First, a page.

Two weeks ago, we witnessed a public exhibition of white supremacy, hate and bigotry in Charlottesville, VA. One person was killed and many more were physically injured. When we also consider emotional injury and trauma, the damage done by this event is horrific.
Yet, we also witnessed resistance—Love and compassion. Counter-demonstrators against the white supremacist rally included about sixty interfaith clergy and community leaders; many of our alums were among them. We asked some of them to tell us about their experience.
Rev. Jeanne Pupke (third from right in front row) is the Senior Minister at the First Unitarian Universalist Church of Richmond, VA.
"We hear so many reports that religion is no longer relevant in America, that it is a dying phenomenon, and yet by our simple presence in our clerical garb we sent the moral question forward, of how we will be human beings together on this planet.
"I did not arrive in Charlottesville in isolation. Meadville Lombard always made known the special obligation of relationship among those who do the work. When their work requires them to say 'Come,' the answer must be 'I will.'"
Elizabeth Ide (in blue shirt and sunglasses in the front row) just moved to Charlottesville in June after graduating from MLTS in May.
"On Saturday, August 12th, I began the day at a sunrise service held at First Baptist Church. My neighbors, colleagues, and I eagerly crowded into the pews and together we soaked into the power of a worship that lifted our hearts and charged our spirits. My years at Meadville Lombard prepared me to encounter my new neighborhood with openness, delight, and a clear-eyed gaze to meet the beauty that is as present in each place as the complicated stories trailing in the truth of every sentence about how this town was built and sustained by the grip of white supremacy. As we left the church that day and began lining up to march, a new story had already begun. The day Charlottesville rose up to send a message to the world that the spirit of love is alive in our city. Together, we would help one another to demonstrate the truth about who we are as a community connected by love.
"My coursework at MLTS included strong encouragement to cultivate a spiritual practice to develop a sense of the sacred. That training sustained me as I joined the nonviolent action and faced the white supremacists, as they carried out their repeated threats to terrorize our city. It was time to deal with the world, just as it was in the moment, and remain present. As I locked elbows with my colleagues and added my voice to the chorus, I held a connection to the spirit of love that was as real and as near as the sounds of our song. Immediately, our togetherness melted fear into determination and deep, abiding love.
"Threats became tragedies as the violence grew worse over the course of the day. Together, members of Congregate C'ville worked to respond to the chaos with a pastoral presence. The Meadville Lombard emphasis on collegiality and sincere recognition of the challenges of ministry contributed to my decision to attend training sessions on nonviolent de-escalation tactics and offer what I could to those who suffered the worst of the violence that Saturday. The connections formed with local UU and interfaith clergy are a source of guidance, love, and strength in the weeks following the 12th as I remain in Charlottesville to serve as a community minister, and I will always be grateful for the remote and personal support of our Meadville community."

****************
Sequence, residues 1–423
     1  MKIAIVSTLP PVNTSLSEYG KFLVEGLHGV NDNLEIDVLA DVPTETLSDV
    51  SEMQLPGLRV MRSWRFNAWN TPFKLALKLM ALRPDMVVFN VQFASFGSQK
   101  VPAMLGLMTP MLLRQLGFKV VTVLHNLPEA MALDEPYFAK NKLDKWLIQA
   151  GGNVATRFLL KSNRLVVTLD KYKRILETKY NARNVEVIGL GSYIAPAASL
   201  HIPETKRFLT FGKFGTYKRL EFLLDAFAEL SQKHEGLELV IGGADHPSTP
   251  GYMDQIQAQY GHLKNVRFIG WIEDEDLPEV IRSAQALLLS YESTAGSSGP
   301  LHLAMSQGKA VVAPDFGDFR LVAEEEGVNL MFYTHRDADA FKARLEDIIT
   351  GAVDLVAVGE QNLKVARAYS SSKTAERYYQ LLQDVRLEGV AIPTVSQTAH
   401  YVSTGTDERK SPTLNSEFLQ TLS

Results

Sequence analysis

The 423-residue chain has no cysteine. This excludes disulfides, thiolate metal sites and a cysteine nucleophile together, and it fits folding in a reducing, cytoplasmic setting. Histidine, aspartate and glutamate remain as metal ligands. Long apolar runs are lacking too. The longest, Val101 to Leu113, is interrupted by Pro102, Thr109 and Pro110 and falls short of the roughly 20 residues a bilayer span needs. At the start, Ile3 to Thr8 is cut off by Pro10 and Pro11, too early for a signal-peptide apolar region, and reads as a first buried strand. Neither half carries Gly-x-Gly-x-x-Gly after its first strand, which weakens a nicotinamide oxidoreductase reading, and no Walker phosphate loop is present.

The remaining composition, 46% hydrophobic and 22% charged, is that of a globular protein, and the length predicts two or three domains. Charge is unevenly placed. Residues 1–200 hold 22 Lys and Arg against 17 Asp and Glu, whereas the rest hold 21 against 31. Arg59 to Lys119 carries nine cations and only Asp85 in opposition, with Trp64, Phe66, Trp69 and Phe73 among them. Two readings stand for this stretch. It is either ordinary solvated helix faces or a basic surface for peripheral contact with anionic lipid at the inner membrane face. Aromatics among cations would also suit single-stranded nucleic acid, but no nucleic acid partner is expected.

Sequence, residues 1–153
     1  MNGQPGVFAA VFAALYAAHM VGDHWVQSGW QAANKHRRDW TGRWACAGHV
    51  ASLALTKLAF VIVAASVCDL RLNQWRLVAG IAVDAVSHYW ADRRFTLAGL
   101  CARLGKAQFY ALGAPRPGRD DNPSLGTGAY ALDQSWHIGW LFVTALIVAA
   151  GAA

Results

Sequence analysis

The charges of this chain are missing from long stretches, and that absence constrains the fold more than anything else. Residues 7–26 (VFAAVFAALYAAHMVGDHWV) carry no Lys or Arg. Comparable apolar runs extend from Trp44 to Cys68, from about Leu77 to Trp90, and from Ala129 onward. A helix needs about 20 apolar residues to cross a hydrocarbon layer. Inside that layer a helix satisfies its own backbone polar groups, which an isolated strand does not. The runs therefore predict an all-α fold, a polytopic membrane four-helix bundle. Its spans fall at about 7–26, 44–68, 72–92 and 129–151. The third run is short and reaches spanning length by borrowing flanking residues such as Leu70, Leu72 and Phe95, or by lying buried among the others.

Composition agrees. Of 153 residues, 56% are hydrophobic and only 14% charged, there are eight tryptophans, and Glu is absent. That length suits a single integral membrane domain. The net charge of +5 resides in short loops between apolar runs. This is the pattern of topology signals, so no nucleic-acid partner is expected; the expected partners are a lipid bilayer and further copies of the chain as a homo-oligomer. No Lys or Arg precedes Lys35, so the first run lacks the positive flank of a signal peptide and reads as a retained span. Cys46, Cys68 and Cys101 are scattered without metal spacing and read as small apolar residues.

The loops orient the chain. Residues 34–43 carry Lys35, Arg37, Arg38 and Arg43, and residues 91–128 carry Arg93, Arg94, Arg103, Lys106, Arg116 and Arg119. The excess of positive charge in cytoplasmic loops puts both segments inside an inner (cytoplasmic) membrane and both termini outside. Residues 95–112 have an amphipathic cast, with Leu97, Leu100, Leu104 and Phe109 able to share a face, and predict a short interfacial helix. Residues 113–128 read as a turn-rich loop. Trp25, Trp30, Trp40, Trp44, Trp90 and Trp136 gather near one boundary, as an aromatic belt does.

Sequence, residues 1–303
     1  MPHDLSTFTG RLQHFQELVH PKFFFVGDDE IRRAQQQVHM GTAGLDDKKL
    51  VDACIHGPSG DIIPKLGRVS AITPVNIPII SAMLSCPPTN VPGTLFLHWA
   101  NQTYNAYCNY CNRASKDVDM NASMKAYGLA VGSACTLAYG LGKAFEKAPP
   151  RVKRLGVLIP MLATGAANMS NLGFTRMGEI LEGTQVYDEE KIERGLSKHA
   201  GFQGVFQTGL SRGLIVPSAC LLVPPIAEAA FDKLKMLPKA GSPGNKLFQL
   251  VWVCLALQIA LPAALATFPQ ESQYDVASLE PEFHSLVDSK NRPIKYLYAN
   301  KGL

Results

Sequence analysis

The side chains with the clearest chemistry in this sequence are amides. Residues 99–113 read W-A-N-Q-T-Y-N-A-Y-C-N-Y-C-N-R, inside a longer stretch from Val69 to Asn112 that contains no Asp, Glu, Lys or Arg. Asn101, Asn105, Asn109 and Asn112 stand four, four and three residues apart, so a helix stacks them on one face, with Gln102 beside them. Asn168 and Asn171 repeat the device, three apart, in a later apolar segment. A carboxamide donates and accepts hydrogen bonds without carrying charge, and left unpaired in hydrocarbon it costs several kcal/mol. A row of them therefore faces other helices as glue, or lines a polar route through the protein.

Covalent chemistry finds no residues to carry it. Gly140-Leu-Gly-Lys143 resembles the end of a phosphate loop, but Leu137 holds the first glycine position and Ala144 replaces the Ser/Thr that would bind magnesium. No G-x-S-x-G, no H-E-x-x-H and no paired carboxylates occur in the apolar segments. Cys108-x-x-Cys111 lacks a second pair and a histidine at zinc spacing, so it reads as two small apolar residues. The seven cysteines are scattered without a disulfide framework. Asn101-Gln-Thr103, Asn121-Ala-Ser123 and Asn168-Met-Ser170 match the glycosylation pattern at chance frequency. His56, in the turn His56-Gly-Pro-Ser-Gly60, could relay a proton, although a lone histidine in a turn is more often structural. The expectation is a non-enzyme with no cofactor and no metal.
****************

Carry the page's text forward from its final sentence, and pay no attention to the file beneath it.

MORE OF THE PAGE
Walter Clark (in yellow shirt) found himself on the frontline of conflict, and as he shielded others, a white nationalist punched him.
"In the Community Studies year of Meadville Lombard's MDiv Signature Course program, students must do community service for 8 hours a week. It was during my time of community service that I learned about the ministry of presence. I volunteered at an elementary school in the city of Richmond and for the first few weeks I did whatever was asked of me; entering information into their database, helping in the lunchroom or running things back and forth to the office. On the surface, these tasks seemed insignificant, but they were what was needed at the time. My job was not to pick and choose tasks, but to do what was needed, when it was needed. My job was simply to be present, to serve and not to solve.
"I answered the call to Charlottesville because a ministerial presence would be needed. I had no specific agenda in mind when I arrived, knowing that if things did not become violent, my presence and support in the face of oppression would be valuable. As the tension and violence in the city began to unfold, I served the needs that were in front of me; helping those who were injured, comforting those who were shaken by what they saw and standing with other faith leaders when called. I simply served the needs that presented themselves.
"Meadville Lombard gave me so many tools to deal with the tragedy in Charlottesville. How to listen, how to empower those whose voices need to be heard, but most importantly, how to be present for others. They taught me how to serve."
A few days after the incident, Elizabeth and Walter mourned, processed, and started healing, together as colleagues. We are grateful for—and very proud of—our alums and students who are leading and mobilizing their communities to show up against hate, and who don't hesitate to answer the call from those in need. Our world needs more leaders like Jeanne, Elizabeth, and Walter.